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Preserved Upper farm bears interesting fruit
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Preserved Upper farm bears interesting fruit

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Upper Township vineyard

A 5 acre property in Beesleys Point with 3 acres of grapes is seeking to become the Ocean City Winery with an 80-seat tasting facility.

Wineries have uncorked many additional revenue streams such as hosting weddings, dinners, parties and meetings. Since enactment of a 2015 law, even those on publicly preserved farmland may do so under the oversight of county agricultural development boards.

This relatively new area of land-use law has seen some interesting cases. West Cape May, for example, once wanted to ban political fundraisers at wineries in the municipality.

Now an Upper Township preserved-land vineyard’s proposed business expansion is posing another set of questions and perspectives.

What would become the Ocean City Winery, if allowed, would like to build and operate an 80-seat tasting center with 28 parking spaces on the site — the norm for full-sized wineries. But in this case the whole property is just 5 acres, and the cultivated part a mere 3 acres.

That’s a tiny fraction of the average New Jersey winery’s 97 acres, and tinier still of the 130 acre average of a more rural southern county such as Salem.

The property used to be a Christmas tree farm, a longtime favorite of landowners seeking to meet the minimal requirements for the state’s lower agricultural land taxes.

Neighbors of the vineyard have protested the plan to township and county bodies and officials. They say the area is residential and quiet, and shouldn’t be subject to the traffic and noise of a commercial winery.

The township Planning Board just before Christmas put off considering the proposal, apparently seeking clarity on which governing bodies have a say in the matter and how much.

The lawyer for the vineyard, former state legislative candidate Colin Bell, said the plans may not need planning board approval. He said state Right to Farm legislation gives power of approval to the county agricultural board, and that already has ruled the site is a working farm.

Cape May County bought the development rights to the property so it would remain protected farmland. But perhaps a restaurant-sized facility to serve beverages and snacks to visitors doesn’t count as development no matter how small the farmland next to it. Just how much wine would be produced from 3 acres of grapes? And is a commercial winery a conforming use for the land-use zone of it and its neighbors?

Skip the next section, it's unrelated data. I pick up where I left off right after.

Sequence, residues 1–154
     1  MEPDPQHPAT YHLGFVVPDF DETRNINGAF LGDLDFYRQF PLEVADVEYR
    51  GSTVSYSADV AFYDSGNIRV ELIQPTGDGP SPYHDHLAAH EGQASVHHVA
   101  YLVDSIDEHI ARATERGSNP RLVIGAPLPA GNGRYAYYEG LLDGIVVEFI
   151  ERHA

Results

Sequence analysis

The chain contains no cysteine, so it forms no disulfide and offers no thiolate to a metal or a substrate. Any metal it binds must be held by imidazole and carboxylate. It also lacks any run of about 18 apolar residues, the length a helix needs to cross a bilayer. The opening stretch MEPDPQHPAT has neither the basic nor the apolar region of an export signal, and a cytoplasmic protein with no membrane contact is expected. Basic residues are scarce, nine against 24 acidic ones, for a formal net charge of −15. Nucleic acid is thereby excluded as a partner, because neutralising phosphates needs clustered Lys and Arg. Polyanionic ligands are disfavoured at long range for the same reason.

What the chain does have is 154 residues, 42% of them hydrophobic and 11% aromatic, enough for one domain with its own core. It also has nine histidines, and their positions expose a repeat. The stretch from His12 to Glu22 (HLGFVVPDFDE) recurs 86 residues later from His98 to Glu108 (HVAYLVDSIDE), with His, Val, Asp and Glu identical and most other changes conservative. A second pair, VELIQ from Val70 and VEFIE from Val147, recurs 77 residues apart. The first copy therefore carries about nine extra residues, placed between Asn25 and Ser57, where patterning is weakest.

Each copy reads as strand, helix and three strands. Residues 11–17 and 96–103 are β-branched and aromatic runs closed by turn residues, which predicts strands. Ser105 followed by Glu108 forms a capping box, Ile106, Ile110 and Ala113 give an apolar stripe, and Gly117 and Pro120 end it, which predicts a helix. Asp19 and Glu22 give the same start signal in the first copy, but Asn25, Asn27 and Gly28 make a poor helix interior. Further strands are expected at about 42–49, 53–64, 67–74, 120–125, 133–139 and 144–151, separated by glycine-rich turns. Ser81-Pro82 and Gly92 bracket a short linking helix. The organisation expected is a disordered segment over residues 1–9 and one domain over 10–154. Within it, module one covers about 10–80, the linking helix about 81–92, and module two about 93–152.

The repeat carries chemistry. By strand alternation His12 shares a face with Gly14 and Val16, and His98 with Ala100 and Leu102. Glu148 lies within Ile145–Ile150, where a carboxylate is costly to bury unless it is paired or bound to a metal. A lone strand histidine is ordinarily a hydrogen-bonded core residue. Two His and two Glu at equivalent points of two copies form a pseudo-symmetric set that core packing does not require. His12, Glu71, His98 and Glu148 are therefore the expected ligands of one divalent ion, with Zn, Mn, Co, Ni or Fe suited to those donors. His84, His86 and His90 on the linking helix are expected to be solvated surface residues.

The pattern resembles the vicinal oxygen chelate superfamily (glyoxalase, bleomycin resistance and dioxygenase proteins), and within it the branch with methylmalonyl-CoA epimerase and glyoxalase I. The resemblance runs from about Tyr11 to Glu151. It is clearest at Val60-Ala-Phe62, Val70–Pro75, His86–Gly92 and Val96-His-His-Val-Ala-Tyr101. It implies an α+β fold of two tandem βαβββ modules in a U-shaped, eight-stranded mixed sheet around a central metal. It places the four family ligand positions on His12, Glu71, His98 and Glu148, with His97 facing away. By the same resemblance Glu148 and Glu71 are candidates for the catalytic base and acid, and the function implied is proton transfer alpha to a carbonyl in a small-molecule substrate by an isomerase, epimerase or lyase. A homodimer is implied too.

Bell said the vineyard owner has agreed not to host outdoor music, food trucks, weddings or parties, and to limit hours of operation. Residents expressed concern about traffic on cul-de-sac Bayaire Road, but the vineyard is proposing to make a new entrance directly on Route 9.

A lawyer for the neighbors said the winery plan would be “a very large expansion of an already nonconforming use,” one that should be open to more public comment.

The 2015 law that extended the entertainment options for wineries to those on preserved farmland also stipulated some limits. Income from events must remain less than half of total winery income; special occasion events can only be held weekends and holidays (unless approved by the state or local agricultural board); events must meet state noise standards, and must not “knowingly result in a significant and direct negative impact to any property adjacent to the winery.”

That seems to indicate the neighbors are entitled to some consideration, if they can figure out who is responsible for taking them into account.

Then there is always the hope that the parties will come to an agreement acceptable to all. They might need guidance from some part of government to do that. And the state should consider returning to its expansive exemption for winery development to see if it’s really serving land preservation or profit-seeking end runs around the ordinary regulation businesses must face in New Jersey.

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